Sights in Madrid

Sights in Madrid

The Spanish capital is the political center of the country and, together with Barcelona, ​​also the most important economic metropolis on the Iberian Peninsula.

The wonderful old town, the stately palaces and the world-famous Prado Museum attract over 3 million guests every year. Madrid is beautiful, modern and lively, despite its long history that goes back to Roman times.

In the following we present you the most exciting tours, the most beautiful attractions and the best sights in Madrid. See map of Madrid on DigoPaul.

Sights in Madrid

1. Museo del Prado

The Museo del Prado is one of the leading art museums in the world and is one of the main attractions in Madrid. The institution, founded by King Ferdinand VII and inspired by the Louvre in Paris, opened its doors for the first time in 1819. The house now attracts 2.5 to 3 million guests every year. Almost every visitor to Madrid also makes a detour to the Prado. And rightly so.

The museum, originally planned as a Pinakothek (picture gallery) and Glyptothek (sculpture collection), now houses more than 10,000 art objects. Hardly any of the great old masters are missing from the painting collection. The collection of works by Sandro Botticelli, Francisco de Goya and Hieronymus Bosch, whose most famous work “The Garden of Earthly Delights” belongs to the Prado collection, is particularly worth seeing.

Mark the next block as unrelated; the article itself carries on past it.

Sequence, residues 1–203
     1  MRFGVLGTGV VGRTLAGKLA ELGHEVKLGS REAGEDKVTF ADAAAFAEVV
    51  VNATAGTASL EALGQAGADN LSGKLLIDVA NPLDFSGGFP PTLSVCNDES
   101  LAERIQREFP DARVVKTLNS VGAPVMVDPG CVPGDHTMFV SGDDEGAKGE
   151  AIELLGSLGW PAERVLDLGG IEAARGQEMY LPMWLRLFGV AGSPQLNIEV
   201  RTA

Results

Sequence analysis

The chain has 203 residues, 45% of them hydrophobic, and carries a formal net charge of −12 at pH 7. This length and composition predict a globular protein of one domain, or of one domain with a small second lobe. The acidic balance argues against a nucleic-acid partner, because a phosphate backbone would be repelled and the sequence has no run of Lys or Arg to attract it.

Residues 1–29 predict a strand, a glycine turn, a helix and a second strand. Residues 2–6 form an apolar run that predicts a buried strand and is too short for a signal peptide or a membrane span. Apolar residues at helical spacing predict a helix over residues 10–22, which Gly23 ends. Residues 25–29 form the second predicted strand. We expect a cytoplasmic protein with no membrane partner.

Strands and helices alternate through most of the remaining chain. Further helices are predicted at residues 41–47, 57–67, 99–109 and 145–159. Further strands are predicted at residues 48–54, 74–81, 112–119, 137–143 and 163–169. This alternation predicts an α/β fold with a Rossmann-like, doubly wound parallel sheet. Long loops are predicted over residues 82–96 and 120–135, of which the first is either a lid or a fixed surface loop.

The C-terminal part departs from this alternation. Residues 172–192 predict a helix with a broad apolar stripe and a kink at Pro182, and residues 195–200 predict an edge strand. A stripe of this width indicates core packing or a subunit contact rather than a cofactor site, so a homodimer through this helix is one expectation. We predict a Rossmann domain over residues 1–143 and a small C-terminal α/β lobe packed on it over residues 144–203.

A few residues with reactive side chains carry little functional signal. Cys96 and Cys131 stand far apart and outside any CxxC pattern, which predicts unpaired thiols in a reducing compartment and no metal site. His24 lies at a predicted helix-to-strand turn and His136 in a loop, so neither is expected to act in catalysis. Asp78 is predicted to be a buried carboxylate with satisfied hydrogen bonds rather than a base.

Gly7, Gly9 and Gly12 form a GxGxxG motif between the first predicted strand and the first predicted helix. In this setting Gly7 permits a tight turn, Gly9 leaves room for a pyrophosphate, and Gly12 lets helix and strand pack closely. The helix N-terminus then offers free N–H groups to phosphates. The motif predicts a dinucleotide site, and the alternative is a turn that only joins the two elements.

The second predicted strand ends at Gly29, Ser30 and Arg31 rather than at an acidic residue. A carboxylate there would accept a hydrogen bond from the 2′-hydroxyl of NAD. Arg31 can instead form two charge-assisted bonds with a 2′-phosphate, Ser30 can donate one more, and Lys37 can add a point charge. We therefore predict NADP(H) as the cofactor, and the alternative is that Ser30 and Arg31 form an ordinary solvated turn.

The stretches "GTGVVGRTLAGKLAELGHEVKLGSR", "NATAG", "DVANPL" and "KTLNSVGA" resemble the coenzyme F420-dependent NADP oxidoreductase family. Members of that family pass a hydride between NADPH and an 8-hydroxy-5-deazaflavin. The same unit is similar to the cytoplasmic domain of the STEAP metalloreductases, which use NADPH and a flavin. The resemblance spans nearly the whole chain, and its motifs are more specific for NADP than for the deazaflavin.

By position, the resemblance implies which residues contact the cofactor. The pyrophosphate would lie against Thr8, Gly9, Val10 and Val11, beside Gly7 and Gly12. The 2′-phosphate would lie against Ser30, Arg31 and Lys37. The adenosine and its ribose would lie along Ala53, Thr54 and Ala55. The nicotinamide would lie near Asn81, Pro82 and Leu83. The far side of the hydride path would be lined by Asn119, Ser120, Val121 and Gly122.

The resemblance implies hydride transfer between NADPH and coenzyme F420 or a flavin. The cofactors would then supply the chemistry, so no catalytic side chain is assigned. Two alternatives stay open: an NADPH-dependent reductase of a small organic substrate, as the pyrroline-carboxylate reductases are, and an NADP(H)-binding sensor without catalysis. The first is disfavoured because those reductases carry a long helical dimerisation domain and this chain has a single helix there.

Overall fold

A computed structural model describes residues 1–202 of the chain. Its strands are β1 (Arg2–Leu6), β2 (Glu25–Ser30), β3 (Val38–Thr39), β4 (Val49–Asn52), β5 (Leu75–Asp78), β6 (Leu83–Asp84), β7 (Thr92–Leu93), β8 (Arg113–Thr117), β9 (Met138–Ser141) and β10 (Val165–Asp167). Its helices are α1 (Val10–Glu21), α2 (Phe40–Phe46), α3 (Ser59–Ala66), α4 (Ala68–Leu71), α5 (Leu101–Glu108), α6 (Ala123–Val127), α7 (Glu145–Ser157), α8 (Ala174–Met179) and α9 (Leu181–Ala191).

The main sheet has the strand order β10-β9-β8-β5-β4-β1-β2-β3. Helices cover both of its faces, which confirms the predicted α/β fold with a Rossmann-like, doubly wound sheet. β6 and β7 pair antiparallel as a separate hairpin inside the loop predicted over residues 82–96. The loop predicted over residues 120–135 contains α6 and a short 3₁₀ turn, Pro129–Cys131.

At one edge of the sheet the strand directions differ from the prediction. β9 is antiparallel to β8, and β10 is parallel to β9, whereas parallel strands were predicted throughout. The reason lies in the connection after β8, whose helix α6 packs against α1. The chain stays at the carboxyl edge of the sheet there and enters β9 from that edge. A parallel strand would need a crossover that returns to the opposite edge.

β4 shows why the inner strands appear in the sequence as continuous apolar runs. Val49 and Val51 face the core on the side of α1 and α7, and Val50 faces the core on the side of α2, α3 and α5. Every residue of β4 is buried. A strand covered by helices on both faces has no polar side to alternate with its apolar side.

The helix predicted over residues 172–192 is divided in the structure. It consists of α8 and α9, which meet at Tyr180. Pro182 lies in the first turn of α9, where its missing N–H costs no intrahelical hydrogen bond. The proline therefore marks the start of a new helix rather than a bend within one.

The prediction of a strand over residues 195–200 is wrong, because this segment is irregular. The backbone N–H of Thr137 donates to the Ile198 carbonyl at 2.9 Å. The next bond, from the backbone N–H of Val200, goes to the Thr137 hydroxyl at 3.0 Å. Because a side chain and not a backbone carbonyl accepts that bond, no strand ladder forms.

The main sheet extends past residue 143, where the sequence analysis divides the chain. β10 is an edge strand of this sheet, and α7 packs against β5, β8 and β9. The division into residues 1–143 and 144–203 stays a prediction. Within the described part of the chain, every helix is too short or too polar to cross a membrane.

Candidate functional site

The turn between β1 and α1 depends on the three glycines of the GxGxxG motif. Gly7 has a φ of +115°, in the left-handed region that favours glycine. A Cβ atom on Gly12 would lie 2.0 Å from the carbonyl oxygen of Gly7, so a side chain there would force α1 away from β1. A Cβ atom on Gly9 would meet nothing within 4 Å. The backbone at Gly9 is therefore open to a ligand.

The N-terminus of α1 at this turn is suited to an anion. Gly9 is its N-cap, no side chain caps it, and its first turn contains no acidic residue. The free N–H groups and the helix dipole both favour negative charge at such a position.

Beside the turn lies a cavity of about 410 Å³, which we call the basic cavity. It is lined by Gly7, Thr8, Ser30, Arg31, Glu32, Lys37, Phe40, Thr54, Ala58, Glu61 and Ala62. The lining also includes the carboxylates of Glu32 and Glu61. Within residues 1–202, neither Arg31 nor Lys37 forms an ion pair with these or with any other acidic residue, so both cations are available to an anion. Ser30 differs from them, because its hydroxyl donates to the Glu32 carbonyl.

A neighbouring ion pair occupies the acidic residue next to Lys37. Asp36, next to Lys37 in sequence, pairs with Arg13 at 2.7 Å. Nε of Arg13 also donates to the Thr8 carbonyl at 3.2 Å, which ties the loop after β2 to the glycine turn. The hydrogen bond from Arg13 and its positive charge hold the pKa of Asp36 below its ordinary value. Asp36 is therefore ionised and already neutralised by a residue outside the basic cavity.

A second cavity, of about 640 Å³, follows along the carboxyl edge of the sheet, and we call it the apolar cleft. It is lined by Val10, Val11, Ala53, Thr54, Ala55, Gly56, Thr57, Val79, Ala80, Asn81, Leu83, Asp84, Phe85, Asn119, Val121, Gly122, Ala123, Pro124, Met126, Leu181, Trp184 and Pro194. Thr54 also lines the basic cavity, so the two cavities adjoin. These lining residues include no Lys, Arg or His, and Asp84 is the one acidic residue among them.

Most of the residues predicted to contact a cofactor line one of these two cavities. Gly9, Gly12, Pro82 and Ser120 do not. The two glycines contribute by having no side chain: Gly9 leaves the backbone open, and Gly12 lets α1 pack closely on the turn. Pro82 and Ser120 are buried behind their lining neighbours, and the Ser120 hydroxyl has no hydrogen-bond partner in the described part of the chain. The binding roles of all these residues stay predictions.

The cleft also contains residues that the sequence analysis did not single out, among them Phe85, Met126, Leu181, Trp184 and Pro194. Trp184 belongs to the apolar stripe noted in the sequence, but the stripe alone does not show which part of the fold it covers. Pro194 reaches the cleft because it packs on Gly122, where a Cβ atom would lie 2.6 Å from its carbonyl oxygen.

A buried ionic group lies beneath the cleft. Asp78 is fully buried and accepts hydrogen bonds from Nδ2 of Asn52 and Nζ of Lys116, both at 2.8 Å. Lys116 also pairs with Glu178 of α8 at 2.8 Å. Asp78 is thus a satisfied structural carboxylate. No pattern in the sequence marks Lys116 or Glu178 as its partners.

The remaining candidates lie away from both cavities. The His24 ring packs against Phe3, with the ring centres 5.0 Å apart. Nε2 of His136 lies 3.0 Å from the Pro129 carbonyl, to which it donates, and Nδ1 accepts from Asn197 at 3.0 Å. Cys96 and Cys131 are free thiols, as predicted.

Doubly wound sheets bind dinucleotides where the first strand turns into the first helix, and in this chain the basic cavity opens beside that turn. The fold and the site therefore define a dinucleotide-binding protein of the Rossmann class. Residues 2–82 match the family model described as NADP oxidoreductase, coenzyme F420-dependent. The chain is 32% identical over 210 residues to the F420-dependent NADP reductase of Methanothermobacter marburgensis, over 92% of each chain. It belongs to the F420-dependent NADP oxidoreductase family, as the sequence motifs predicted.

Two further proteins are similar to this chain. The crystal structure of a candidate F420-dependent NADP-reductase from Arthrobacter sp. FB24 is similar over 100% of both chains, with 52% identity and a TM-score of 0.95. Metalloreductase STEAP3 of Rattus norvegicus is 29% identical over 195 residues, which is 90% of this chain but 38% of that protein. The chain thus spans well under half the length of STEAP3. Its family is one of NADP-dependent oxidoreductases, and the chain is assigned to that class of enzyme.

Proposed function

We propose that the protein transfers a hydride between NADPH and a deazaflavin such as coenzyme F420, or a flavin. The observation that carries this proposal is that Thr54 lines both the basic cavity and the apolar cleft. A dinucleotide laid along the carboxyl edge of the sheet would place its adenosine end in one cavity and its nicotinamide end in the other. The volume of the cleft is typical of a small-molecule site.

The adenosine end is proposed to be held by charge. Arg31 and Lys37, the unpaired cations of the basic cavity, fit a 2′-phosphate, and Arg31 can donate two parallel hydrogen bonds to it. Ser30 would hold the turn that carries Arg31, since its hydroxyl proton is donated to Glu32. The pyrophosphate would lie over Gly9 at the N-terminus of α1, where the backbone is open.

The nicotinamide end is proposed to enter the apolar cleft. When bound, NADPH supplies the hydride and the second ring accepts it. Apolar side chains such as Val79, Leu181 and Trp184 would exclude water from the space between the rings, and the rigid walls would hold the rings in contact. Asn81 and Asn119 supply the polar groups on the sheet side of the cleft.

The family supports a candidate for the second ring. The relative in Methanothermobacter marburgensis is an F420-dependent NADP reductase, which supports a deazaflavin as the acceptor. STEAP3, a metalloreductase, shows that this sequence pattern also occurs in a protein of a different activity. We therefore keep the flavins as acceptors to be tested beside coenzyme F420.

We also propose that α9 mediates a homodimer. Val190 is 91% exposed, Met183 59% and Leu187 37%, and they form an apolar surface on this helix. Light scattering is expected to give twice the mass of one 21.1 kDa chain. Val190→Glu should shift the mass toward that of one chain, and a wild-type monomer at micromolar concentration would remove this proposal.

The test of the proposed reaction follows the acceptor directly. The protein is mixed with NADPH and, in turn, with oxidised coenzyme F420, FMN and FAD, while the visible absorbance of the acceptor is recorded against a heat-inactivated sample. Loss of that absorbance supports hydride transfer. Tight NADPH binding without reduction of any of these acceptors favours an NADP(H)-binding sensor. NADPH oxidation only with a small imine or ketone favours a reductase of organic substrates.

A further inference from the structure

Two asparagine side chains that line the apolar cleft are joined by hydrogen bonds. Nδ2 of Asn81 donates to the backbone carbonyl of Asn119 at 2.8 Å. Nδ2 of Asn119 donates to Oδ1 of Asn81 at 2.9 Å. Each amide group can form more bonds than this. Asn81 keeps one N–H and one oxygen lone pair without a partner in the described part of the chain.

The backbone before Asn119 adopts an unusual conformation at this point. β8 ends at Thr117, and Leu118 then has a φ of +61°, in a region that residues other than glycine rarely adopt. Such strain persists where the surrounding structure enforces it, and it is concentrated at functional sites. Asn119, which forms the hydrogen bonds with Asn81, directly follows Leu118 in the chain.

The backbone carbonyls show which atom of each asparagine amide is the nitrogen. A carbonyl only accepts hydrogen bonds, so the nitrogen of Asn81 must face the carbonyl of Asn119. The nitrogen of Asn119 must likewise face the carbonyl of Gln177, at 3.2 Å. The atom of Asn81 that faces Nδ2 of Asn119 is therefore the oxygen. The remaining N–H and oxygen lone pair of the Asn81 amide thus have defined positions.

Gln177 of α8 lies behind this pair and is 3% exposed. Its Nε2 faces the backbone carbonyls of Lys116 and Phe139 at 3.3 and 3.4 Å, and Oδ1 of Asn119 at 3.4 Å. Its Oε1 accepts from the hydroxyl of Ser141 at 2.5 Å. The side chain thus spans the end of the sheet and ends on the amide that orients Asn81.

2. Palacio Real Madrid

The Palacio Real is the official residence of the Spanish royal family, who do not live here, but in the much smaller Palacio de la Zarzuela. With a good 2,000 representative rooms and an area of ​​135,000 square meters, the Palacio Real is the largest palace in Europe. In addition to the throne room, the mirror gallery, the halberd room and the palace chapel are particularly worth seeing. There are also numerous Old Master paintings in the palace, including works by Caravaggio, Giovanni Battista Tiepolo, Velázquez, Goya, and Rubens.